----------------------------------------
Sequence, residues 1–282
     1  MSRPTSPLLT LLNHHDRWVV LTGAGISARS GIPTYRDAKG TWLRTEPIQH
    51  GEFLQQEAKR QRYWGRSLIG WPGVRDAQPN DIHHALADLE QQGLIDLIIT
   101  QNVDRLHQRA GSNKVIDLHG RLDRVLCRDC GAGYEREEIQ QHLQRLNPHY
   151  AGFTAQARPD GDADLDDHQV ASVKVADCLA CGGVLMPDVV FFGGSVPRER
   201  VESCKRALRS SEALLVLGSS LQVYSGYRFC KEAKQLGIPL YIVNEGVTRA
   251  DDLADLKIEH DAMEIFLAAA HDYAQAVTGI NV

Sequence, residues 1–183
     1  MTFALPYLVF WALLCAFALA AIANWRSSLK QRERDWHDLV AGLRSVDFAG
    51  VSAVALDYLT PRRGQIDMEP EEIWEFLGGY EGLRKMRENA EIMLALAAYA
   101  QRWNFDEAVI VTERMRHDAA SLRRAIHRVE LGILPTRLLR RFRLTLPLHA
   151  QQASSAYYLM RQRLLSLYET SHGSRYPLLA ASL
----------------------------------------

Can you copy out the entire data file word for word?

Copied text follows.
Sequence, residues 1–282
     1  MSRPTSPLLT LLNHHDRWVV LTGAGISARS GIPTYRDAKG TWLRTEPIQH
    51  GEFLQQEAKR QRYWGRSLIG WPGVRDAQPN DIHHALADLE QQGLIDLIIT
   101  QNVDRLHQRA GSNKVIDLHG RLDRVLCRDC GAGYEREEIQ QHLQRLNPHY
   151  AGFTAQARPD GDADLDDHQV ASVKVADCLA CGGVLMPDVV FFGGSVPRER
   201  VESCKRALRS SEALLVLGSS LQVYSGYRFC KEAKQLGIPL YIVNEGVTRA
   251  DDLADLKIEH DAMEIFLAAA HDYAQAVTGI NV

Sequence, residues 1–183
     1  MTFALPYLVF WALLCAFALA AIANWRSSLK QRERDWHDLV AGLRSVDFAG
    51  VSAVALDYLT PRRGQIDMEP EEIWEFLGGY EGLRKMRENA EIMLALAAYA
   101  QRWNFDEAVI VTERMRHDAA SLRRAIHRVE LGILPTRLLR RFRLTLPLHA
   151  QQASSAYYLM RQRLLSLYET SHGSRYPLLA ASL